The global elite is gathering this week in Davos, Switzerland, for the annual self-congratulatory kaffeeklatsch known as the World Economic Forum. Going to Davos can be quite costly — between the private helicopters and charter planes required to get there, and the WEF membership fees and lodging/meal costs once you arrive, a trip can cost a business executive well into six figures. (CNN pegs the average cost of a Davos week at $40,000, but that doesn't take into account VIPs like the forum's "Strategic Partners," who pay more than $500,000 to send a five-person delegation.) While there, the assembled moguls will go to wine tastings, tweet about sightings of aging rock gods, and perhaps listen to people like Eric Cantor talk about high-minded ideas like "economic dynamism."
Quartz has a list of all 2,630 people who are registered for this year's WEF. Notably, the list includes many executives from struggling companies that are laying off workers and cutting back on expenditures elsewhere in their budgets. Here are some of the companies that are sending employees to Davos, despite their troubles:
PepsiCo (6 Davos-bound WEF attendees, including CEO Indra Nooyi): Announced last year that it was cutting 8,700 jobs as part of a global turnaround effort.
Thomson Reuters (12): Conducted an unknown number of layoffs last week. A company spokeswoman said at the time, "Similar to efforts across the company, the Reuters organization is focusing attention on our global cost structure as well as the need to simplify." (Costs for media organizations may be lower than for other organizations, since some journalists have their badges comped.)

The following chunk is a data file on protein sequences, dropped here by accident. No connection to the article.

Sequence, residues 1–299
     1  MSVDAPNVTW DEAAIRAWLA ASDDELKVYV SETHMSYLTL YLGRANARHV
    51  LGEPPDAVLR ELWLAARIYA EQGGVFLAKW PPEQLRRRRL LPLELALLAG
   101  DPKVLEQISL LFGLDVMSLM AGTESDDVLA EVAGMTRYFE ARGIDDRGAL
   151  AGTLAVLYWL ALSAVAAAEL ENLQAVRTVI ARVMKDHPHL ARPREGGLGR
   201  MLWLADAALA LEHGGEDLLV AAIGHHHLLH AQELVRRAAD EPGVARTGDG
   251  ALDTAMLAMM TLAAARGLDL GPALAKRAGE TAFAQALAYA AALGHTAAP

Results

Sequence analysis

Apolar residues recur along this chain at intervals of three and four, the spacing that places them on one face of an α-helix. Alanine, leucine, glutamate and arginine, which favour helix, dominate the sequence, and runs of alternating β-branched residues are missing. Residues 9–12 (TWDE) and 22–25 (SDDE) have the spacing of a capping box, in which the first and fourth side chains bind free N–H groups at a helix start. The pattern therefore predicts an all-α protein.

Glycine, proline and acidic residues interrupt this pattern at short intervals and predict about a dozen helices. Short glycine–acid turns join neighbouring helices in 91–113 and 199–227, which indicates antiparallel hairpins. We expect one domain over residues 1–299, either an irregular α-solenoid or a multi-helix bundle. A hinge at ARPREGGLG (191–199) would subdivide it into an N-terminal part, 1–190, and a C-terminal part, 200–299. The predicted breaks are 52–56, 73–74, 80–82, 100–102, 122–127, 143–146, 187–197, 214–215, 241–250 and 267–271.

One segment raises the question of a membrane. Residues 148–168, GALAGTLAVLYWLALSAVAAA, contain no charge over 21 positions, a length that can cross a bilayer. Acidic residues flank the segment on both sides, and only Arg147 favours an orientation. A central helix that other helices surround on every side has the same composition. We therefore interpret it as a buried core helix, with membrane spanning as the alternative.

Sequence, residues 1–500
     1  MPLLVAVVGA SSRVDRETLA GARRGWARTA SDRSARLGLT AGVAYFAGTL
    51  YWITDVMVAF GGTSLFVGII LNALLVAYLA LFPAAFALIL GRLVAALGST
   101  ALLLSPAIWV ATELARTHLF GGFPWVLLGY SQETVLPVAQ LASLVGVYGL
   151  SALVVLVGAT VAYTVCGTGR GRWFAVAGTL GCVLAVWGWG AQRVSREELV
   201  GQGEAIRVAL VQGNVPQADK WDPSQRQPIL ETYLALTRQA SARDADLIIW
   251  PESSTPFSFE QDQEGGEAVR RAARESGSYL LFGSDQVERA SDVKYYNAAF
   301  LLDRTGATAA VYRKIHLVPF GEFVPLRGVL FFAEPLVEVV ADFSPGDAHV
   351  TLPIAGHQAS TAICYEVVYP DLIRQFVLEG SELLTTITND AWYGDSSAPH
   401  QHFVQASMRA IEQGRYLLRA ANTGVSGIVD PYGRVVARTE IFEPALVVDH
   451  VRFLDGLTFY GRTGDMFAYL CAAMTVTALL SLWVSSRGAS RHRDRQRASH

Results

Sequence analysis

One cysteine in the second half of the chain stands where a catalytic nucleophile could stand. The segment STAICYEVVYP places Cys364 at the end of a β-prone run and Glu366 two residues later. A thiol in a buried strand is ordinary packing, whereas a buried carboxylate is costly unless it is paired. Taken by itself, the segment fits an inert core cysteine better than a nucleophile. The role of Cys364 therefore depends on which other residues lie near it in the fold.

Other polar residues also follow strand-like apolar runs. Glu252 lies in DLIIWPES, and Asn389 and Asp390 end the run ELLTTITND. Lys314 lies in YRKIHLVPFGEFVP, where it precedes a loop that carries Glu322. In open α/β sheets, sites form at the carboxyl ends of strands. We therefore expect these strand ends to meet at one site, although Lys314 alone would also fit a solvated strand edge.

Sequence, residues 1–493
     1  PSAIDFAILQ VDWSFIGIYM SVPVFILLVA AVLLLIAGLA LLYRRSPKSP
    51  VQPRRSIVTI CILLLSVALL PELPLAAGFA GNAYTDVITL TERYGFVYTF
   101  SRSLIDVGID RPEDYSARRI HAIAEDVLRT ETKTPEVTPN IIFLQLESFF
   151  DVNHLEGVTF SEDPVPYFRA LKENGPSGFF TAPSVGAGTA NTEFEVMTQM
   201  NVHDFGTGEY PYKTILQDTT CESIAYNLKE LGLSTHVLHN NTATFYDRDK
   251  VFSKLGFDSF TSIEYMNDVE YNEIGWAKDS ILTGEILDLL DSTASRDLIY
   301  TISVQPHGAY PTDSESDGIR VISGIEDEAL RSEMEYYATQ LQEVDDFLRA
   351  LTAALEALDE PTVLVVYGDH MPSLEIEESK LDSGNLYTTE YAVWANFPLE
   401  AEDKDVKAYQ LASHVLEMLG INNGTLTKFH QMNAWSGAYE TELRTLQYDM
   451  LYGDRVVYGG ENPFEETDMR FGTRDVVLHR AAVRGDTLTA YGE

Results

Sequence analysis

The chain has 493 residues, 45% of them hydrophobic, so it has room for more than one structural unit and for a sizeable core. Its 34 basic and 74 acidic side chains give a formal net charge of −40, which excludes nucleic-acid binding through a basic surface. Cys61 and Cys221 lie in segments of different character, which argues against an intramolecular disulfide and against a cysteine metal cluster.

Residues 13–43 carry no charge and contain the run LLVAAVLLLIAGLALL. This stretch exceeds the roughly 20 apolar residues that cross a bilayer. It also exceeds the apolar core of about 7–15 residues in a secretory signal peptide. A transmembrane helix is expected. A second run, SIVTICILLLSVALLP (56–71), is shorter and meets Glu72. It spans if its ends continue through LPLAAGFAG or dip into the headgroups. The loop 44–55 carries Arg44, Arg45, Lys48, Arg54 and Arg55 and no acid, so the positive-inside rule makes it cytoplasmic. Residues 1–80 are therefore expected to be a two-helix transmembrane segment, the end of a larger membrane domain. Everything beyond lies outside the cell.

The New York Times Company (4, including publisher Arthur Sulzberger): Currently cutting 30 positions, and offering buyouts to newsroom employees, in an effort to reduce costs.
Newsweek/Daily Beast (2): Recently shuttered its print version, and conducted many layoffs in an effort to further trim its expenses. (I hear that editor-in-chief Tina Brown will be hosting a Davos reception sponsored by Credit Suisse that is a "big moneymaker" for the company, so perhaps she'll be recouping her costs.)
Citigroup (7, including CEO Michael Corbat): Announced in December that it was laying off 11,000 employees and taking a $1 billion restructuring charge.
Morgan Stanley (5, including CEO James Gorman): Cut 4,200 jobs last year, and another 1,300 so far in 2013, and deferred year-end compensation for high-earning employees to shave expenses, in a cost-cutting measure Business Insider described as "brutal."
The Washington Post (3): Has reduced the size of its newsroom by more than 200 people since 2009 as advertising revenue dries up, with a round of cuts early last year.
Cisco (5, including CEO John Chambers): Laid off 1,300 people last year and is embarked on a long-term cost-cutting program to "drive simplicity."
Royal Bank of Scotland (2): Laid off at least 3,500 people last year under pressure from the British government (which owns the majority of its shares after a 2008 bailout).
Barclays (6, including CEO Antony Jenkins): Is expected to announce soon that it is cutting up to 10 percent of its workforce, after it struggled with profitability and a Libor-rigging scandal in 2012.
UBS (5, including CEO Sergio Ermotti): Announced in October that it is cutting 10,000 employees, or 16 percent of its staff. (In its defense, Davos is a short trip for executives at the Swiss bank.)
Renault/Renault-Nissan Alliance (3): Announced last week that it is cutting 7,500 jobs in order to save $540 million in annual fixed costs.
Some of these money-losing executives have viable business reasons to be at Davos; it is certainly a way to get in a lot of high-level face time with clients, investors, and peers in the industry. But their employees and shareholders might not be thrilled about the prospect of subsidizing a fancy Swiss boondoggle for executives, no matter how much "thought leader" networking comes out of it.